human rights news & views

US citizen indicted for torture committed abroad

Charles Taylor, former President of Liberia wanted on 17 counts of war crimes and crimes against humanity, made headlines last year when he was finally arrested in Nigeria and handed over to be tried by the UN-backed Special Court for Sierra Leone. Now the law has caught up with his son, Charles ‘Chuckie’ Taylor, a US citizen wanted for torture.

Born in Boston in 1977, Chuckie went on to command the Anti-Terrorist Unit in Liberia, a pro-government militia accused of grave human rights violations committed between at least 1997 and 2002, during his father’s presidency.

Taylor was arrested entering the United States in Miami on 30 March 2006, and in December was indicted by the US Department of Justice for torture and conspiracy to torture. The charges are the first-ever use of US laws enacted in 1994 (18 USC sections 2340A and 2441) that prohibit torture and war crimes committed abroad. If found guilty, Taylor would face between 20 years’ and life imprisonment.

Human Rights Watch (HRW) further accuses Taylor Jnr’s unit of "beating people to death, rape and burning civilians alive" (all of which could come under the rubric of torture) as well as extrajudicial executions and using children as soldiers.

Elise Keppler of HRW’s International Justice Program says, “After years of civil war, Liberia’s justice system is in no shape to pursue this type of case.” Amnesty International none the less hopes Liberia, led since 2006 by President Ellen Johnson-Sirleaf, will enact the necessary legislation, investigate and prosecute many others suspected of similar crimes.

The federal anti-torture statute applies both to US citizens and to anyone on US soil, regardless of nationality and regardless where the crimes occurred. It’s laudable to see the US exercising universal jurisdiction in fulfilment of its obligations under the UN Convention Against Torture.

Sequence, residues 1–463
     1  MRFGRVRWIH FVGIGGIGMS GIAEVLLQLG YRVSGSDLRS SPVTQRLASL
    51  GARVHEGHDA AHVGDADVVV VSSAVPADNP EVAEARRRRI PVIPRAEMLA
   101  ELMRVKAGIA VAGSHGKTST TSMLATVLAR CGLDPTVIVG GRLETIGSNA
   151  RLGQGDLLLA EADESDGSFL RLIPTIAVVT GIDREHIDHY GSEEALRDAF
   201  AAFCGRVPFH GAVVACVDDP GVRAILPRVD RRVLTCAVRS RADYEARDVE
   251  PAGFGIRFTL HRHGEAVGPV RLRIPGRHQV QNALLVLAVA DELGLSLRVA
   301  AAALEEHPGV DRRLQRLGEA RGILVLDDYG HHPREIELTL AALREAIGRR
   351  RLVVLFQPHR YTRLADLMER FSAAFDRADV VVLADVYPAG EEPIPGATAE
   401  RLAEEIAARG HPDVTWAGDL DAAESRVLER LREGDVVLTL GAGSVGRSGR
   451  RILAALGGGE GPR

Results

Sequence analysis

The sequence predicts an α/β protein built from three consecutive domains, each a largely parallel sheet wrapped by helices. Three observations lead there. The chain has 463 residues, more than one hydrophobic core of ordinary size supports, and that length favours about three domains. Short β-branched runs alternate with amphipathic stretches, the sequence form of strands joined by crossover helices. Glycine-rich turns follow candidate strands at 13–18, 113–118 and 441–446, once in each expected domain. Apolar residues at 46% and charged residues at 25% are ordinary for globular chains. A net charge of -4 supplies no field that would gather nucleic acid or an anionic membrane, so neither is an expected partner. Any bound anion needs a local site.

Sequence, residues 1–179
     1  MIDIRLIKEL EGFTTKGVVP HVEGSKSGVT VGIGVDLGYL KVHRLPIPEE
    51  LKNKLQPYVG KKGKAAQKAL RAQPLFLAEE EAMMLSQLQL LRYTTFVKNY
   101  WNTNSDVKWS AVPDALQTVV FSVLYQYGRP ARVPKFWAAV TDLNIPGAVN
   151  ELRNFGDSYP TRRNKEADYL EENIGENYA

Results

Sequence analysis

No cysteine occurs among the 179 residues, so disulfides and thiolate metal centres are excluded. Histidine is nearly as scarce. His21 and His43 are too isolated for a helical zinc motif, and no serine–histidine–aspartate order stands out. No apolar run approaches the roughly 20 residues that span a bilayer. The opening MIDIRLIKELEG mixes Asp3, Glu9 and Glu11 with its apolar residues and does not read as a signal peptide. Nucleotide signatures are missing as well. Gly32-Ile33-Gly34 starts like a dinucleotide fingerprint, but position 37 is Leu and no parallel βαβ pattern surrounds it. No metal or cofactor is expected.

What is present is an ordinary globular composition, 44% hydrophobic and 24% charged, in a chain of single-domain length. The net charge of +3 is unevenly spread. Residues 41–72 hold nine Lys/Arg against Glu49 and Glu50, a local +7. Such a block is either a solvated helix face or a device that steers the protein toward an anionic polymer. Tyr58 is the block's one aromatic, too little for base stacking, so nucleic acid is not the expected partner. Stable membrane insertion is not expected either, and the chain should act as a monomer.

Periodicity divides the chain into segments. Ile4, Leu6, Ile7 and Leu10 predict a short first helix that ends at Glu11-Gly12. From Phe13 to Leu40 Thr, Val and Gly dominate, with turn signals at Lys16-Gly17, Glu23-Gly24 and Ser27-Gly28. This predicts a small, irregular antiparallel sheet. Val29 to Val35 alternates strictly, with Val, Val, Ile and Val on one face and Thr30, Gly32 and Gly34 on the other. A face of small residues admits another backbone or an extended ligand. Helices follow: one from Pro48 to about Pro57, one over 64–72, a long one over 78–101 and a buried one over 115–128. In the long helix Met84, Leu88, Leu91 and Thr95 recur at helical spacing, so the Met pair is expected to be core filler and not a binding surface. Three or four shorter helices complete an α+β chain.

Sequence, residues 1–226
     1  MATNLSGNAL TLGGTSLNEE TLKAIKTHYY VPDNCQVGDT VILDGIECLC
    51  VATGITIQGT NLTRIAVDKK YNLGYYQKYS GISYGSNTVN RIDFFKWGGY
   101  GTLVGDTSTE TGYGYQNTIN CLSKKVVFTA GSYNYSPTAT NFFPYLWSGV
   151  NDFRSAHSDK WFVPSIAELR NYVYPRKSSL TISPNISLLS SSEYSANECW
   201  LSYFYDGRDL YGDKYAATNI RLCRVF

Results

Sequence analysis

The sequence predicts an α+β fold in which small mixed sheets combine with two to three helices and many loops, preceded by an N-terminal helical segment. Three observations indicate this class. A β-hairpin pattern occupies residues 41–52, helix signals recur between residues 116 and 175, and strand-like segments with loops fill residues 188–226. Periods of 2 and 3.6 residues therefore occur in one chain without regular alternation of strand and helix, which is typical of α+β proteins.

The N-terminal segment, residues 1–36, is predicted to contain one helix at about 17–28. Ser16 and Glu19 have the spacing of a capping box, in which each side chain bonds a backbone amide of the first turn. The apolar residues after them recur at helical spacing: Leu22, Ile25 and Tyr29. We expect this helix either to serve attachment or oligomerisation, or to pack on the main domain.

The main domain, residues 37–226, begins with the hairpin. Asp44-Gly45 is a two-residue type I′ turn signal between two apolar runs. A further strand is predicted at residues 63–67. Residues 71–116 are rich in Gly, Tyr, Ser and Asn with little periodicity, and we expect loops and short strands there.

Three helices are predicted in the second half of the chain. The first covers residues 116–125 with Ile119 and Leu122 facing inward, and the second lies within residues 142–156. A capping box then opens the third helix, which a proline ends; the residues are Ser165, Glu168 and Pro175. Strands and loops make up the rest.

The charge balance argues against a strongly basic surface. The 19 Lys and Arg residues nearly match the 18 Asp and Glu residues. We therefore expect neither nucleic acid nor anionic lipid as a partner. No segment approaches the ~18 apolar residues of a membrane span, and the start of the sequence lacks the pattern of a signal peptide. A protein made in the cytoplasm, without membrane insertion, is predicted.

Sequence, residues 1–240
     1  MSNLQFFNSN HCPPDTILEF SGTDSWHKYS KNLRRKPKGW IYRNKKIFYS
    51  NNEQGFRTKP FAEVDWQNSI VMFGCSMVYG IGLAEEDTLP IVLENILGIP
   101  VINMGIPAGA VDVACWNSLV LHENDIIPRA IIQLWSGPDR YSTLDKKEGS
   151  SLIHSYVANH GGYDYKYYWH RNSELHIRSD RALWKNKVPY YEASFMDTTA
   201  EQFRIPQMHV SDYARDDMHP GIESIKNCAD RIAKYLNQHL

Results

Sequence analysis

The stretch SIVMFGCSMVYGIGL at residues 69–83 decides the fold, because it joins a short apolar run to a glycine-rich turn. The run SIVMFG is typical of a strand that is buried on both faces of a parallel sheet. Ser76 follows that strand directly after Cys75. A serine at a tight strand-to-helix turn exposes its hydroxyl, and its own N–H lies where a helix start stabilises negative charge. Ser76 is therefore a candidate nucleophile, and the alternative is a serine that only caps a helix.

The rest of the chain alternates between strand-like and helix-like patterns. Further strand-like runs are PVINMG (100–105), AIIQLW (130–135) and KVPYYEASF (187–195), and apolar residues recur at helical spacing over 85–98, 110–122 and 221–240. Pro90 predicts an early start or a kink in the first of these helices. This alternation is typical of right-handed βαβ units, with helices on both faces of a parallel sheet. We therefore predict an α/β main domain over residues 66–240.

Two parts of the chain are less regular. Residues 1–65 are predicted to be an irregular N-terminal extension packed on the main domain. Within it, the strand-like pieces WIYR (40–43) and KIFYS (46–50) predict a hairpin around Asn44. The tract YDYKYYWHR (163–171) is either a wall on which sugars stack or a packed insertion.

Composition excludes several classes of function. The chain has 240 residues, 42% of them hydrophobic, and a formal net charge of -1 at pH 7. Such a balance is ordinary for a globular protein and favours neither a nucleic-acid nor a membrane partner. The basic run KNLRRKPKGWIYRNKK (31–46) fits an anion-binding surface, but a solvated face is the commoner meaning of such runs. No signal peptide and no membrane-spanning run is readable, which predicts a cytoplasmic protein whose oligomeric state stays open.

1. 9 December 2008 | 10:33 am

    As reported by the BBC in October 2008, the Miami jury has convicted 31 year-old, US-born Charles ‘Chuckie’ Taylor of torture: http://news.bbc.co.uk/2/hi/americas/7701195.stm He is due to be sentenced on 9 January 2009 and faces a possible life sentence.

  2. 10 December 2008 | 8:56 am

    Australia may follow suit with similar legislation:

    The Government is also planning to sign up to the United Nations Optional Protocol to the Convention Against Torture and [Attorney-General] Mr McClelland says it may also introduce anti-torture legislation.

    “Given the nature of torture we are considering an offence of extra-territorial application, consistent with the treatment of genocide, crimes against humanity, and war crimes under domestic law,” he said.

    “Within Australia and internationally we are working to help eliminate the use of torture, wherever it occurs and whoever commits it.”

    ABC News 10 Dec. 2008

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